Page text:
In this NY Times article the pros and cons of 'market place forces' are considered.
Peter S. Goodman | The Free Market: A False Idol After All? 'The way they justify it is that you've got to protect the stupid people who can't read a contract,' Mr. Henderson said. 'But they're treating everyone as stupid.'What gets me is that there were lots of loans sold. These loans were paper transactions. The assets and/or debt were not valued as they should have been. Big time corporate folks didn't do their homework.
But in Washington, and under the roofs of many homes now worth less than a year ago, there appears to be a shift in the nation's often-ambivalent attitude about regulation.
Back in the boom, banks made loans to homeowners who did not have to prove their ability to pay, then quickly sold the loans to other companies. By the time it emerged that a lot of homeowners could not pay, these loans had been pooled with other loans and chopped into strange new paper assets that were sold to unsuspecting buyers around the globe. The subsequent reckoning has forced major banks to write off vast sums of money.
"Here you had all these people who were supposed to be sophisticated investors, and it turns out they were buying billions of dollars worth of debt where they didn't even understand what they owned," said Dean Baker, co-director of the liberal Center for Economic and Policy Research. "There is going to be a willingness to re-regulate financial markets."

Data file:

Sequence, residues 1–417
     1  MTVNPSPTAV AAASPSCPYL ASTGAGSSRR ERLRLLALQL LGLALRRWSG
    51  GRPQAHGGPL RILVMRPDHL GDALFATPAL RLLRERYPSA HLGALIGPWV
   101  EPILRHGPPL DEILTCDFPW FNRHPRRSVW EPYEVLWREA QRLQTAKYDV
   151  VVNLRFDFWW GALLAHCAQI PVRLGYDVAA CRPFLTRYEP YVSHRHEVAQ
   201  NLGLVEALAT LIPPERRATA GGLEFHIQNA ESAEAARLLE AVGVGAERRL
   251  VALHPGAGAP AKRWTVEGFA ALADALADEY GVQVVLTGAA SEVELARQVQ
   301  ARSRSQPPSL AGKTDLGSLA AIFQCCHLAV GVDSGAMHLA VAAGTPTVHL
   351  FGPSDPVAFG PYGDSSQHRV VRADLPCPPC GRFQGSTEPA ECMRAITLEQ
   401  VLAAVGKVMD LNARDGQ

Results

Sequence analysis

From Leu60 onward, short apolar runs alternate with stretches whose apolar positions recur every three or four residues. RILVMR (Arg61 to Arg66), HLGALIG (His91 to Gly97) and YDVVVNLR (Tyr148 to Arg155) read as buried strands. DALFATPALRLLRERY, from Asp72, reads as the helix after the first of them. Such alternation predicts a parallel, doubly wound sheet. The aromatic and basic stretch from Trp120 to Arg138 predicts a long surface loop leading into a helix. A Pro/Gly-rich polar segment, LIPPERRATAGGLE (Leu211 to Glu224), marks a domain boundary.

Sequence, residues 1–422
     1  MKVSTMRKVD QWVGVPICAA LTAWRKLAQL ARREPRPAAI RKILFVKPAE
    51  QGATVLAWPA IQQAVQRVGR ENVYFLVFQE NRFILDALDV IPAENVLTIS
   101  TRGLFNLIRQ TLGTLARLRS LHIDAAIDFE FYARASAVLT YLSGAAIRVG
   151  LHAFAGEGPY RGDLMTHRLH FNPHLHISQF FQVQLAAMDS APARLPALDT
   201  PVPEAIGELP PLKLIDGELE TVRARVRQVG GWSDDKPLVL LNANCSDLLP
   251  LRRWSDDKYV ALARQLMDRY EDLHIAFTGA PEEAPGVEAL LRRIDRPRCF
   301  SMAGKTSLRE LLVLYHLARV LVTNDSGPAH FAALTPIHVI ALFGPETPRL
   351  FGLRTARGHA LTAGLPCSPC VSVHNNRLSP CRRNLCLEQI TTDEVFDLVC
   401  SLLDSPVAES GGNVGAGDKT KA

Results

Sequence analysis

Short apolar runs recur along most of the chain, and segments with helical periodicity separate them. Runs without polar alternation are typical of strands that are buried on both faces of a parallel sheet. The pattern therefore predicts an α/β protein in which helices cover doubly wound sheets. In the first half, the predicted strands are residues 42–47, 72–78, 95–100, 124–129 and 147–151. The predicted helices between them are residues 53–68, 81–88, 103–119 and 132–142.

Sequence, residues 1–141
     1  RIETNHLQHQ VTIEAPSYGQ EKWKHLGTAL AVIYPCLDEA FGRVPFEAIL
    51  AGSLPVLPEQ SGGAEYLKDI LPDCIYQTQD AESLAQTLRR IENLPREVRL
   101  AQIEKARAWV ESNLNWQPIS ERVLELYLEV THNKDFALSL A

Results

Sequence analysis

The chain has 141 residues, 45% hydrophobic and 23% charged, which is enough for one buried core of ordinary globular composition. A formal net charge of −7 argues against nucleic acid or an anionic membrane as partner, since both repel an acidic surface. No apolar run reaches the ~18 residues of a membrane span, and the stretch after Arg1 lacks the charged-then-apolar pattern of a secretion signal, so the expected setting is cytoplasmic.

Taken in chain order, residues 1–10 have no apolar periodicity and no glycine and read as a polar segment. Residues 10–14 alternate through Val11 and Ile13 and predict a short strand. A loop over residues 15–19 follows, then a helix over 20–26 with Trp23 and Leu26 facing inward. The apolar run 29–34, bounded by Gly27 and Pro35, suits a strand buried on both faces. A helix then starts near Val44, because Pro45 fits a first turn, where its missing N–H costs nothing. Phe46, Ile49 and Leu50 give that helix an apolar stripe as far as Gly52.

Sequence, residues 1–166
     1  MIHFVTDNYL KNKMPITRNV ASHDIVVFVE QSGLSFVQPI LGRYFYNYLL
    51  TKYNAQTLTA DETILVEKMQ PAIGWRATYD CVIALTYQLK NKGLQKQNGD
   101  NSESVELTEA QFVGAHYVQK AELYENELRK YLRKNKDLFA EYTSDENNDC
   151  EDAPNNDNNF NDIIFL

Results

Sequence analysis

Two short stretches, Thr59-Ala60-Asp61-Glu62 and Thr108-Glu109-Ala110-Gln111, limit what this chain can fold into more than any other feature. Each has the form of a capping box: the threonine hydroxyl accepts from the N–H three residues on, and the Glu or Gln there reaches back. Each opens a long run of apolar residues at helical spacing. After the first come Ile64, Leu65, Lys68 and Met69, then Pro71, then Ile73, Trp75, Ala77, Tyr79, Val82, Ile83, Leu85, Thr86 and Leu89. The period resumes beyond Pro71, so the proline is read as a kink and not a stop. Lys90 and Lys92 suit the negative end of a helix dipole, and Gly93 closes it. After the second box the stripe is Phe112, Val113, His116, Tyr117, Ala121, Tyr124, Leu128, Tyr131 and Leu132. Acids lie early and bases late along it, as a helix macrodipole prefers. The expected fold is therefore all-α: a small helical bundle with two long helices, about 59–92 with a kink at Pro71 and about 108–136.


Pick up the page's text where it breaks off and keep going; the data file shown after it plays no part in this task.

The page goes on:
Liberal critics have long asserted that dogmatic devotion to market forces has skewed American society toward those of greatest means. More wealth is being concentrated in fewer hands, with rich people capturing the best housing, private education and health care services, and, as the argument goes, only crumbs left for everyone else.
Here is where we as a nation cave and do the 'corporate welfare' things. They do a 'bail-out for the bankers.' They do deals that help the heavy hitters.
If the US Gov had 'dogmatic devotion' to the market forces then there would not be any bailout options for the bankers and corporate entities.
The willingness should not be to re-regulate. The willingness should be to let some of them tank. Tough love!
More wealth is being concentrated in few hands, with rich people, because government comes to the rescue for the rich, the connected, the corporations, the elite.
The market needs less supervision than the politicians and their over-reaching promises.
When untethered market forces lead to bad things, and the governmental wonks try to fix them -- then the market is not 'untethered.' When the wonks try to make the bad things okay, they aid their buddies with corporate welfare.
You can't run an economy as complicated as ours today with only ideology and do nice things for your friends. Generally, those with influence hate those who are driven by ideology alone. Those with influence and special privileges who crave more of the same are the quickest to complicate situations to prove their points and justify their special handouts.
More to think about.